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Hands-in with the gloves that virtual reality needs

The Manus VR gloves make virtual worlds feel more real.

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When most people strap on a virtual reality headset for the first time, their immediate instinct is to look down, attempting to see their hands. And, the majority of the time, they'll be sorely disappointed. VR is a new frontier for hardware developers and so far the focus has been on improving graphics, decreasing latency, upgrading lenses and crafting believable visual worlds. Hands are second-tier -- sure, they're in some demos, but they're not your hands. The fingers don't bend, they can't grab and they don't move as your appendages do in the real world.

The Manus VR gloves fix this.

Once you slide on a VR headset, developers want to quickly trick your brain into believing that the environment in front of you is real. The Manus VR gloves add a crucial input layer to this illusion, allowing you to grab, point, pick up (and drop) objects, and even play the piano using your own fingers. The gloves are still in development and they've only been in the works since 2014, but already they're satisfyingly responsive. This is how VR is meant to be experienced.

At the Game Developers Conference in San Francisco, I played an adorable platforming demo called Pillow's Willow with an engineering prototype of the Manus VR gloves, running on the HTC Vive headset. I slipped on a pair of black-and-red gloves, complete with a plastic charging bump and some wires dangling across the top. A developer strapped the Vive's motion controllers around my wrists for positional tracking and I settled the Vive headset over my glasses.

It sounds like a lot. But, once the game got going, the hardware attached to my arms and face melted away. I hardly noticed it -- the goal of any virtual experience.

My hands appeared in the game world as blue-lighted outlines. I flexed and bent my fingers and the motions were immediately replicated on the screen. Pillow's Willow stars a young girl wearing a purple pajama onesie in a dark-fantasy dream land, and I cleared pathways for her along crumbling stone bridges and inside a monster-infested dollhouse. I reached forward to pluck lighting bugs out of the air and place them in street lamps, illuminating her path. I swiveled in my chair -- the game existed around me in 360 degrees -- and pushed down the sides of a bridge for her to cross. I grabbed pieces of a broken staircase and rotated them until they fit back together again; I squashed a series of monsters popping out of the floor of a bedroom. I played a few notes on a piano in a quick game of Simon Says.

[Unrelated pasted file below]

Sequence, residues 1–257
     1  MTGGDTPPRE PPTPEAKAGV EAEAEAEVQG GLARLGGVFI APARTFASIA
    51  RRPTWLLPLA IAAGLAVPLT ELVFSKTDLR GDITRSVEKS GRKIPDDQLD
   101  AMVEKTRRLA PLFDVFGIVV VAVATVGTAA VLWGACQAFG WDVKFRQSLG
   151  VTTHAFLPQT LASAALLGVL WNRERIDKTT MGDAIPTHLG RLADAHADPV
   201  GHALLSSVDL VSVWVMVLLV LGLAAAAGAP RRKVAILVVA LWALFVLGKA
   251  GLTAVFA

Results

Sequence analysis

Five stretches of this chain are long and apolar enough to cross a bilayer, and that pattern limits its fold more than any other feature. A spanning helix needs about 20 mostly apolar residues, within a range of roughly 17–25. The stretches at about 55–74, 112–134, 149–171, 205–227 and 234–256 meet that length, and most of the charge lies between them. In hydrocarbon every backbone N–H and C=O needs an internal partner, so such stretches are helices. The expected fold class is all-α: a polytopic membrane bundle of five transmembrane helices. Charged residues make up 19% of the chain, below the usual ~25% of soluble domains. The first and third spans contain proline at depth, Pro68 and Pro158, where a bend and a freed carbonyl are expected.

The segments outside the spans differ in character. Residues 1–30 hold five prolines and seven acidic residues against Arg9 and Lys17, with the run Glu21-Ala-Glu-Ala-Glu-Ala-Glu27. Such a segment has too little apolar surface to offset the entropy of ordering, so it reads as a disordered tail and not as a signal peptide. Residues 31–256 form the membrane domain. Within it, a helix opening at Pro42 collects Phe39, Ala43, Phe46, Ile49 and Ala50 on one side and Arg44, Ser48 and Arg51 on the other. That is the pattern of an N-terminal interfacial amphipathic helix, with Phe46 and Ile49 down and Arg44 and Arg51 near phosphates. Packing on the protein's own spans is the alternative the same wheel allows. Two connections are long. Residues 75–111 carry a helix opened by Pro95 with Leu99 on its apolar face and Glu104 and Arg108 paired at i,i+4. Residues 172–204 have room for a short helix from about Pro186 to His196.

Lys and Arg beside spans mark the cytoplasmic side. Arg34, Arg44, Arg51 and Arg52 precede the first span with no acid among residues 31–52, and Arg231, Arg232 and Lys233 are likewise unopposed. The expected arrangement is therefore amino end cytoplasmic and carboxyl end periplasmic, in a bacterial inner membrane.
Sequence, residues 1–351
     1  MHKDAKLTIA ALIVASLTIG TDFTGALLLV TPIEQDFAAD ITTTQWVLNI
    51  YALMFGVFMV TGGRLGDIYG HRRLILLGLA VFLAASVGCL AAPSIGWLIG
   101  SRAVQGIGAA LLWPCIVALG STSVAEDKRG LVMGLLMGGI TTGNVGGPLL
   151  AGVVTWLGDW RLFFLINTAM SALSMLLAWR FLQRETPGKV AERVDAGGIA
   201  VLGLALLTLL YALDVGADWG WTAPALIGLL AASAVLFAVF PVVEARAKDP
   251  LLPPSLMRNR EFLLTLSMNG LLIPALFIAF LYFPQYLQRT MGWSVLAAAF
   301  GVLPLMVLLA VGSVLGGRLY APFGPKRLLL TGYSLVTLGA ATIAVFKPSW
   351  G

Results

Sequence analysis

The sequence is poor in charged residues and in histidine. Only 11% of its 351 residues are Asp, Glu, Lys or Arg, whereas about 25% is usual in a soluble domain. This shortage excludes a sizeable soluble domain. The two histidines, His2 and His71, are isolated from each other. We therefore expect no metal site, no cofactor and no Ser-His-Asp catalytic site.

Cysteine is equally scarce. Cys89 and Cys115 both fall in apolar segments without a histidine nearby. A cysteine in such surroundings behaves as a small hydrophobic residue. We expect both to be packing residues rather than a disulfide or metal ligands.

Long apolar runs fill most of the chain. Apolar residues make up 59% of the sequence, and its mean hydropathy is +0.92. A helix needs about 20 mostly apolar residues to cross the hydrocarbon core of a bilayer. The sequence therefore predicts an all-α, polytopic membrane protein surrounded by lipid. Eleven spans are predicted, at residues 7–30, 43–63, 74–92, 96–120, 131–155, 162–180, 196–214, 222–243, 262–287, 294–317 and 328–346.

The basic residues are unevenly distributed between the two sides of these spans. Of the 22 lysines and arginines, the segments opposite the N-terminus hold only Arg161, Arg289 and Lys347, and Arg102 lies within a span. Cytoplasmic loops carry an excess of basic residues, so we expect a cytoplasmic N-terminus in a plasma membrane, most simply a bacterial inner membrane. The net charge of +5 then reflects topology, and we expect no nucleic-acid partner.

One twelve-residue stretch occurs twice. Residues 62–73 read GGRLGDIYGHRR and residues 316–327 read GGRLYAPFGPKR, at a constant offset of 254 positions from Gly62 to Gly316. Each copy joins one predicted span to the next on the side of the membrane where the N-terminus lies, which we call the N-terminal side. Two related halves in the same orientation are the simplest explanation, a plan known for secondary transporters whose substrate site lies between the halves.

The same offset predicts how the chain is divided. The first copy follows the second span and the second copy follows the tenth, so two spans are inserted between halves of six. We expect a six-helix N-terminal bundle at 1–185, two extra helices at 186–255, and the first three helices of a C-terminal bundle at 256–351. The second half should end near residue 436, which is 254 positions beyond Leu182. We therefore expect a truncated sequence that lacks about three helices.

Each motion was intuitive -- I didn't have to memorize any buttons or input commands. I did what came naturally, grabbing, turning and prodding objects with my fingers. The gloves were large on me, though my hands are fairly small. Besides, this wasn't even the developer-kit version -- that edition includes cut-outs for the tips of your fingers and gets rid of the dangling wires. It still does use the Vive's motion controllers strapped to your wrists, though.

The Manus VR gloves weren't perfect. There were a few instances where I expected to reach something and it simply didn't connect in the game world, but these small glitches were quickly remedied and forgotten as I eagerly tackled the next task.

The Manus VR developer kit goes on sale in Q2 for $250 and it's expected to ship in Q3. The development team is at GDC this week looking to secure $8 million in funding -- while they didn't get any cash from me, they certainly grabbed my attention.

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